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ACS Nano. 2017 Nov 28;11(11):11669-11677. doi: 10.1021/acsnano.7b06767. Epub 2017 Nov 7.

Nanopore Measurements of Filamentous Viruses Reveal a Sub-nanometer-Scale Stagnant Fluid Layer.

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Department of Physics, Brown University , Providence, Rhode Island 02912, United States.


We report measurements and analyses of nanopore translocations by fd and M13, two related strains of filamentous virus that are identical except for their charge densities. The standard continuum theory of electrokinetics greatly overestimates the translocation speed and the conductance associated with counterions for both viruses. Furthermore, fd and M13 behave differently from one another, even translocating in opposite directions under certain conditions. This cannot be explained by Manning-condensed counterions or a number of other proposed models. Instead, we argue that these anomalous findings are consequences of the breakdown of the validity of continuum hydrodynamics at the scale of a few molecular layers. Next to a polyelectrolyte, there exists an extra-viscous, sub-nanometer-thin boundary layer that has a giant influence on the transport characteristics. We show that a stagnant boundary layer captures the essential hydrodynamics and extends the validity of the electrokinetic theory beyond the continuum limit. A stagnant layer with a thickness of about half a nanometer consistently improves predictions of the ionic current change induced by virus translocations and of the translocation velocity for both fd and M13 over a wide range of nanopore dimensions and salt concentrations.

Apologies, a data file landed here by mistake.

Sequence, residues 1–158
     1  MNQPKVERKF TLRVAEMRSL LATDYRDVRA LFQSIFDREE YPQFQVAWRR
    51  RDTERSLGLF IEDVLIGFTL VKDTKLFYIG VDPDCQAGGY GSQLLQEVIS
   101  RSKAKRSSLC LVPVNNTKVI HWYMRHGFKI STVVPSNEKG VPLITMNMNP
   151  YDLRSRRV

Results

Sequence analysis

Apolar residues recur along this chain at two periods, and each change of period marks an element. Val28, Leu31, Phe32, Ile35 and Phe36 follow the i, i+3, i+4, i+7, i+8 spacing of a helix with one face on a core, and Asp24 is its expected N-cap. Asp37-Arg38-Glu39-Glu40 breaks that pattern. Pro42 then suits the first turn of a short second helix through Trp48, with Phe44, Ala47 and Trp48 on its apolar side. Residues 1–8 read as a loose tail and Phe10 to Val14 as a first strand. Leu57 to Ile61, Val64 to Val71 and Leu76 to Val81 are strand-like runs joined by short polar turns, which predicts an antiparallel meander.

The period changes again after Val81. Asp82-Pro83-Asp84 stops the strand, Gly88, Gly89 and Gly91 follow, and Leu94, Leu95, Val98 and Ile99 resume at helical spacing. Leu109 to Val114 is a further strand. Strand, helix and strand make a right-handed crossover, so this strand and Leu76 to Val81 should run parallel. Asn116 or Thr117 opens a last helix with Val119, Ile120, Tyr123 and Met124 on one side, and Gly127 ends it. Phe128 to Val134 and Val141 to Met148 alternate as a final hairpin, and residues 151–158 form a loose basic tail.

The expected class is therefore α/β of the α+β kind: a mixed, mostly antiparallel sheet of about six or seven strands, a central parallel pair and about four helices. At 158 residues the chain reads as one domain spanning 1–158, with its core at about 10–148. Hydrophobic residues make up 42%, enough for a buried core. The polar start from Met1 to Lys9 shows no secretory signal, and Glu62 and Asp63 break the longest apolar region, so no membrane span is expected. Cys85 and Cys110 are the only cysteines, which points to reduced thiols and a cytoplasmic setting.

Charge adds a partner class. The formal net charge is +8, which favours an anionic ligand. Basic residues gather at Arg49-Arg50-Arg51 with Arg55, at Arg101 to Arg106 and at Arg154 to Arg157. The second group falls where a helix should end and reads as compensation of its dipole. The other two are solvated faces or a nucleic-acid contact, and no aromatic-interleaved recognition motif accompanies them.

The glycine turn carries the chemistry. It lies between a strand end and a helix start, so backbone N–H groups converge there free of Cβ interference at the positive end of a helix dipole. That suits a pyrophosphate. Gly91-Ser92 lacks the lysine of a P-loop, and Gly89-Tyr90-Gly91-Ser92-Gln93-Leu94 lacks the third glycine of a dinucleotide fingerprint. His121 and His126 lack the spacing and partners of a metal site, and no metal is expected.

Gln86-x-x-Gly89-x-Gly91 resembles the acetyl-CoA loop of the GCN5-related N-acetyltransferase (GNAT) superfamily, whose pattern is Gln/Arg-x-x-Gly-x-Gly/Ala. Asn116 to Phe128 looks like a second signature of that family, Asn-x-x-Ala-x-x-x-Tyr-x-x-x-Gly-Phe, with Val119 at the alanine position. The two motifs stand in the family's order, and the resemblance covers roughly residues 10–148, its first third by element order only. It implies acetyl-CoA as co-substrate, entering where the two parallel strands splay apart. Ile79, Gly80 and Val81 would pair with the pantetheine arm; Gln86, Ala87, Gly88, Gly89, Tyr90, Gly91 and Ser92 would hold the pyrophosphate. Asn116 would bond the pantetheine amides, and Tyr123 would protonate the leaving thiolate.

biosensing; electrophoresis; nanoscale electrokinetics; solid-state nanopores; stagnant layer


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